A new University of Wisconsin-developed algorithm looks to help smooth and shorten the research process for biologists and, potentially, researchers across the board.

Called “KinderMiner,” the algorithm holds millions of pieces of archived research and can scan online archives within hours. While it currently caters to biologists, it could be adapted to different fields in the future.

Ron Stewart, project supervisor and UW associate director of bioinformatics, came up with the idea and wrote the original algorithm. He said he is devoted to the project and hopes for a positive outcome.

Then his colleagues improved the code and statistical calculations, making it more than 10 times faster and much more robust. They also compared “KinderMining” to a drug repurposing algorithm Stewart and his colleagues had written, he said. 

Stewart is hoping KinderMiner will make potential Google searches easier for biologists by narrowing content. The content in the archives come from a database called EuropePMC, which comprises roughly 30 million different documents for the researchers. These range from biomedical papers to abstracts.

KinderMiner can be compared to the PubMed biomedical literature database, which is also found through EuropePMC, Stewart said.

Stewart said KinderMiner counts the co-occurrence of a key phrase that the biologist or user is interested in such as “cardiomyocyte” and some target term, which is usually a gene name or the name of a drug or compound. It “reads” through all 30 million abstracts and papers for each combination of the key phrase and each target term in the target term list, which amounts to 600 billion papers and abstracts in total.

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With a new article added to the database in EuropePMC every minute, it is virtually impossible to sort through all the documents. This is similar to the problem of overwhelming and nonrelevant data scientists were running into with Google. Stewart said an algorithm like KinderMiner is the only realistic option.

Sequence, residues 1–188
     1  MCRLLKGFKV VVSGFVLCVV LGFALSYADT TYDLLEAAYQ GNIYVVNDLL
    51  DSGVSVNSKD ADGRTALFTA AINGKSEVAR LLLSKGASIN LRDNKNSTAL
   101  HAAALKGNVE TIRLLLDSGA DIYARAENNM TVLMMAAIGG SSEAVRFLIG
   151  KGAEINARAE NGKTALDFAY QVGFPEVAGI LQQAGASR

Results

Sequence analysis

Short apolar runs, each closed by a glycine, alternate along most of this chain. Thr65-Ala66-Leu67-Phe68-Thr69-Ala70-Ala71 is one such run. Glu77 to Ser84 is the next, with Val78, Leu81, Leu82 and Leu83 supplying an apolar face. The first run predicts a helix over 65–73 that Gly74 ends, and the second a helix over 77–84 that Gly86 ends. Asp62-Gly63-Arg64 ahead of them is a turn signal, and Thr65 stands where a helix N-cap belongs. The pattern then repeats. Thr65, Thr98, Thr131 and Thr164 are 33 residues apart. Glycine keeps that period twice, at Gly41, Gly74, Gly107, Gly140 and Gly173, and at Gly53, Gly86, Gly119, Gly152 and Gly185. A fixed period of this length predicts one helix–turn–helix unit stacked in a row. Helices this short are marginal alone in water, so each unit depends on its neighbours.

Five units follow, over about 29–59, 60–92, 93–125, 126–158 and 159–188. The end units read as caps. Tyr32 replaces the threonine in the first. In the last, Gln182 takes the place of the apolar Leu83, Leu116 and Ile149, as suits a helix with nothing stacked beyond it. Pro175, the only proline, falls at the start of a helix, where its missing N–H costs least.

Stewart said he viewed the algorithm as a relatively simple concept, therefore naming it “KinderMiner.” The algorithm is simple in context, where it basically sorts through key phrases using statistical data to order searched drugs, compounds and genes for the finding.

“We have shown for some historical examples that KinderMiner ranks genes near the top of the list that were later shown to be critical for certain processes such as reprogramming cells to become cardiomyocytes [or heart muscle cells] or to become induced pluripotent stem cells,” Stewart said.

Stewart said the algorithm targets very specific topics the biologists or users are curious about. He highlighted that KinderMiner easily speeds up research for scientists and can give them information that may not be published until five years later.

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Stewart said the algorithm is recently developed and can easily assist researchers and biologists who are looking for specific information. He said he looks forward to what is to come in the biology community with KinderMiner taking effect.

“There is insight that leads to the positive effects KinderMiner could have within the biology community,” Stewart said.